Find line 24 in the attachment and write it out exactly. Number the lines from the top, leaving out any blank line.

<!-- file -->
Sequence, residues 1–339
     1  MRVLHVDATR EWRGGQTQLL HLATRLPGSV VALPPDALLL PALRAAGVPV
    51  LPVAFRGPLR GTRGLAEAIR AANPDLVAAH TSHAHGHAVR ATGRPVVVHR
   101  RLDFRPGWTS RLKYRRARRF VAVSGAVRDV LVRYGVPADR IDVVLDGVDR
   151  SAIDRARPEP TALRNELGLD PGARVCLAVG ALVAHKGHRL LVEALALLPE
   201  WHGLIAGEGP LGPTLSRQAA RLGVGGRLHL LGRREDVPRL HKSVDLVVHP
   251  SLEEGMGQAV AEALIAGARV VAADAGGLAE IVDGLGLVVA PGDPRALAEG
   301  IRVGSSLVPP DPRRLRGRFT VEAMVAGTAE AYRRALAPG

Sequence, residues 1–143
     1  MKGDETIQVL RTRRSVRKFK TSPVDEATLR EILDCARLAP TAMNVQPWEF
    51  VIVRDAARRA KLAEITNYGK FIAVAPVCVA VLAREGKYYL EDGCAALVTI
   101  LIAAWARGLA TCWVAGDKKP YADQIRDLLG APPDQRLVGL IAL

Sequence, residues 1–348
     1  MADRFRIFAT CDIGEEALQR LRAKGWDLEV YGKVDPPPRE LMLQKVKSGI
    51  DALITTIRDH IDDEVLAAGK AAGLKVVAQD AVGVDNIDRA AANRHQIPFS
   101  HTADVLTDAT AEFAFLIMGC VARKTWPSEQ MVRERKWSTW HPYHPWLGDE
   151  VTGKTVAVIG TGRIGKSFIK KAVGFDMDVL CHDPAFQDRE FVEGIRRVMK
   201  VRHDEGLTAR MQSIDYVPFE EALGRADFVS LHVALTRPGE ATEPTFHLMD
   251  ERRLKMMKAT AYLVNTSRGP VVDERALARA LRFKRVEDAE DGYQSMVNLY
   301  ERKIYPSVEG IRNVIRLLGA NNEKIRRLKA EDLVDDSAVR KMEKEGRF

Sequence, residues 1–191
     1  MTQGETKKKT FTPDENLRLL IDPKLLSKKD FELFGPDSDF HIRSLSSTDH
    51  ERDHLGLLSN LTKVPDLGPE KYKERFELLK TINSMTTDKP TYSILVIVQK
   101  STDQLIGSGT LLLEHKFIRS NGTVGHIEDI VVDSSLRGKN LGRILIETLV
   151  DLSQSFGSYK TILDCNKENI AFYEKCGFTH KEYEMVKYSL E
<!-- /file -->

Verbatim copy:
   101  STDQLIGSGT LLLEHKFIRS NGTVGHIEDI VVDSSLRGKN LGRILIETLV